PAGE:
The American Civil Liberties Union (ACLU) and the NAACP New Jersey State Conference issued a statement on Wednesday urging New Jersey legislators to take Atlantic City residents’ rights into account when attempting to compromise on takeover legislation for the beleaguered municipality.
According to a statement from NAACP New Jersey State Conference President Richard Smith and ACLU-NJ Executive Director Udi Ofer, the bill put forward by Senate President Steve Sweeney and Governor Chris Christie “raises serious concerns for the civil rights and civil liberties of Atlantic City residents.”
Their statement continued: “A cornerstone of our democracy is the right of the people to elect their local government and to ensure, through the ballot box and public participation, that it is accountable to the people. While we have no doubt that elected officials on both sides of this debate want to prevent Atlantic City from falling into bankruptcy, we urge lawmakers to address this crisis without abandoning basic democratic principles of accountable and open government.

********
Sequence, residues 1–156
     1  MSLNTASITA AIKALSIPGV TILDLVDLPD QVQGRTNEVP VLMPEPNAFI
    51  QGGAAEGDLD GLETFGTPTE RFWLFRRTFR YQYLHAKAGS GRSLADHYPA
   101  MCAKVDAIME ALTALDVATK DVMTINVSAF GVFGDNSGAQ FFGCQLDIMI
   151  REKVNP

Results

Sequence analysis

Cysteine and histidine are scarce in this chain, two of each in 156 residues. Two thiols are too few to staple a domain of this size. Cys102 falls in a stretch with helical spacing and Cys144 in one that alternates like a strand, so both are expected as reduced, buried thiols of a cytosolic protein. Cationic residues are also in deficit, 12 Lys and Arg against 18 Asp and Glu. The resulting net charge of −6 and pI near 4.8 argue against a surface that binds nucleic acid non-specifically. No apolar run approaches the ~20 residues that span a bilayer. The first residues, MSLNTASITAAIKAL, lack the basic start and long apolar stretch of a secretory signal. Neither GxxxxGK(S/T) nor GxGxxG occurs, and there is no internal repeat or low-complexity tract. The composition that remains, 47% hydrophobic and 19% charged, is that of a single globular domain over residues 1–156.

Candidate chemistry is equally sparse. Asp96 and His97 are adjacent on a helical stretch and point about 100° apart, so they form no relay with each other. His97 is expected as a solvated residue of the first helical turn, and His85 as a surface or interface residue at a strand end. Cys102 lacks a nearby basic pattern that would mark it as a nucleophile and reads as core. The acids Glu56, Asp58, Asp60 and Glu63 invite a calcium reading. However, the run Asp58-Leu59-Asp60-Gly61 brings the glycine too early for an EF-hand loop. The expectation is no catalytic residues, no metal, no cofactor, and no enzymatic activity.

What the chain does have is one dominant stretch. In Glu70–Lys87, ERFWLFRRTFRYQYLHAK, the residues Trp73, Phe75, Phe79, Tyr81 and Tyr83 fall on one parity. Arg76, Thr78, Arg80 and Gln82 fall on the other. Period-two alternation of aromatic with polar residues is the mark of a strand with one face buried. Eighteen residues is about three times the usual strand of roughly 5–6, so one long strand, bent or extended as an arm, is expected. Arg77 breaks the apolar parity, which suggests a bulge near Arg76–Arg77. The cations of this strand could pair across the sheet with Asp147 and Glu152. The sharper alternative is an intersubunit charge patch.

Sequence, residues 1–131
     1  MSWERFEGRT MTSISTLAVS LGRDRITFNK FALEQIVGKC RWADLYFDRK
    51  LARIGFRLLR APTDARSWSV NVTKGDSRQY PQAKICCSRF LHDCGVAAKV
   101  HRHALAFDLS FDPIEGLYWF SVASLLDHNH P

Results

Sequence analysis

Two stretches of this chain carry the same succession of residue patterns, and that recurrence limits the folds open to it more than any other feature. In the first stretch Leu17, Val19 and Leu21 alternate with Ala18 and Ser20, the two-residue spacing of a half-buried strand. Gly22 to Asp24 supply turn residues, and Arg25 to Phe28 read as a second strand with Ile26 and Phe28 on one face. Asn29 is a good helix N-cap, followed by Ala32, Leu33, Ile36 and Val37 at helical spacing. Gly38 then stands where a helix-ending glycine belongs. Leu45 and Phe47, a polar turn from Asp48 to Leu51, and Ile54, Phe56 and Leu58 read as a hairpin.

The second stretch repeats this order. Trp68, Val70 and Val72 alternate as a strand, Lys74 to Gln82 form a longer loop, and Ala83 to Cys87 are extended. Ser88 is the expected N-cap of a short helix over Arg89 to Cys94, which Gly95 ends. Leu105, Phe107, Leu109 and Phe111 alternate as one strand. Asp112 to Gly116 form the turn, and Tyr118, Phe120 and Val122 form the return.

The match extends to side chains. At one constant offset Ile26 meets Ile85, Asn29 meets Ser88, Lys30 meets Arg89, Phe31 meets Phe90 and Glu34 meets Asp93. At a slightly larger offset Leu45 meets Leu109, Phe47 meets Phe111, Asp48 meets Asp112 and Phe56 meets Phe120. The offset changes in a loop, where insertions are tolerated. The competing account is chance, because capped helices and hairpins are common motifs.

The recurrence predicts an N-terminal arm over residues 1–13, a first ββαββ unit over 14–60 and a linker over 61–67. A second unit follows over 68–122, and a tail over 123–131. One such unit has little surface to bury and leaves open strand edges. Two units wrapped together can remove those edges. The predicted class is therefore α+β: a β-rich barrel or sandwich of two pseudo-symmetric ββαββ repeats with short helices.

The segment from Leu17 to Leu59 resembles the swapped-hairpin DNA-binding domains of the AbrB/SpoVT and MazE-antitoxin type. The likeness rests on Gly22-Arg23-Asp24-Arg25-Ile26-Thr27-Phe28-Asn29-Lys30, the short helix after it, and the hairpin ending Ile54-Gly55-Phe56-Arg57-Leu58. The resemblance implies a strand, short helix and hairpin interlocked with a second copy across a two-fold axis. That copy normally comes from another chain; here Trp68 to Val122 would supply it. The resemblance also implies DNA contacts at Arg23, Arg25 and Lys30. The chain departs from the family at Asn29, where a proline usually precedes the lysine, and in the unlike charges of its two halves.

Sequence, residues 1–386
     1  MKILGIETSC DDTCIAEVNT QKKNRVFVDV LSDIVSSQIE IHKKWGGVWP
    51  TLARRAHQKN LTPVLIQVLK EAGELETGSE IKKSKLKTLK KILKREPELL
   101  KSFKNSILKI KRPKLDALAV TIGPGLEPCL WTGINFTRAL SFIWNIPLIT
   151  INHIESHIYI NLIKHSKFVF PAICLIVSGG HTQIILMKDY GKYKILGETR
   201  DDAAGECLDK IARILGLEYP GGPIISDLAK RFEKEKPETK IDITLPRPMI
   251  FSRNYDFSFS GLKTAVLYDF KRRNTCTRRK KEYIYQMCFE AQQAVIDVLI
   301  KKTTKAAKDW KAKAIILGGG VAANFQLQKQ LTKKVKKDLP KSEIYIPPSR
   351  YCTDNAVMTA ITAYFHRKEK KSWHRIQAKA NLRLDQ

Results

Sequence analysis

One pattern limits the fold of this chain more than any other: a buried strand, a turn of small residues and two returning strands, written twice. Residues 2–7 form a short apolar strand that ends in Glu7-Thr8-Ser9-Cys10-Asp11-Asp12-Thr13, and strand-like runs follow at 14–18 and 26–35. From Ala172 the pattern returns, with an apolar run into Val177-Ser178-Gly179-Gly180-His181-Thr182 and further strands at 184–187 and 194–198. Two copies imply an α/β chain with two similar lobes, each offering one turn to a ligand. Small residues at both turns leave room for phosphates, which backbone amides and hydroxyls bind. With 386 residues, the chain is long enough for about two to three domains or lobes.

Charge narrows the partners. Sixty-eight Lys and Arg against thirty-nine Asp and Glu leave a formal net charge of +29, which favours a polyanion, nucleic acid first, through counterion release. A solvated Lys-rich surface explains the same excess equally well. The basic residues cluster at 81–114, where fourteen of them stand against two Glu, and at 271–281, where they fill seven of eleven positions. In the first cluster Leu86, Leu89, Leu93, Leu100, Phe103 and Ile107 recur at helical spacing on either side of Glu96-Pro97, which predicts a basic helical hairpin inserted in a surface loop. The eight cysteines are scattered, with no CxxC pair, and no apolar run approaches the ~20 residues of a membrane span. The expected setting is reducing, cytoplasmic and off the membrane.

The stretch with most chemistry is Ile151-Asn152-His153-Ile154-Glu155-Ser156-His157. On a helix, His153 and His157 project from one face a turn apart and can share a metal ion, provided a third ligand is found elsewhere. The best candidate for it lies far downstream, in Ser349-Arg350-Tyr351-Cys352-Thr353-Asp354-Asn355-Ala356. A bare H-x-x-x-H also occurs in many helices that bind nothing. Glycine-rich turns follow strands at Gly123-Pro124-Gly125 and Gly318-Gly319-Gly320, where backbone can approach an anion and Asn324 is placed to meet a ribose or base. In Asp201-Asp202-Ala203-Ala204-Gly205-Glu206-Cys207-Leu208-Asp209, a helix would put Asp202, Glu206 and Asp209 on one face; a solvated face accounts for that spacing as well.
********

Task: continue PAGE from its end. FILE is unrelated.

“The Governor’s and Senate President’s plan would essentially dissolve local government by providing the State of New Jersey with the authority to dismantle any of Atlantic City’s municipal authorities or contracts, and veto any City Council vote. The State would be able to overturn and rewrite old ordinances, and it could institute entirely new city laws. State overseers would have powers to work in greater secrecy, sidestepping our open meeting laws and keeping the public in the dark.”
While the statement from Ofer and Smith does not mention the alternative bill put forward by Assembly Speaker Prieto, the statement does encourage “lawmakers from all factions across the state will come together, see beyond politics, and reach a compromise.”
Prieto has been on the front lines of the battle over Atlantic City’s finances. Last week, he postponed putting up his takeover bill for a vote in the assembly because of an inability to get enough votes. Initially, it was thought that the bill would be put up for vote in a special session Wednesday May 11. However, due to a lack of negotiation, the bill will not be put up for a vote.
As a compromise, Sweeney offered Atlantic City up to 150 days to fix its finances in order to avoid the takeover.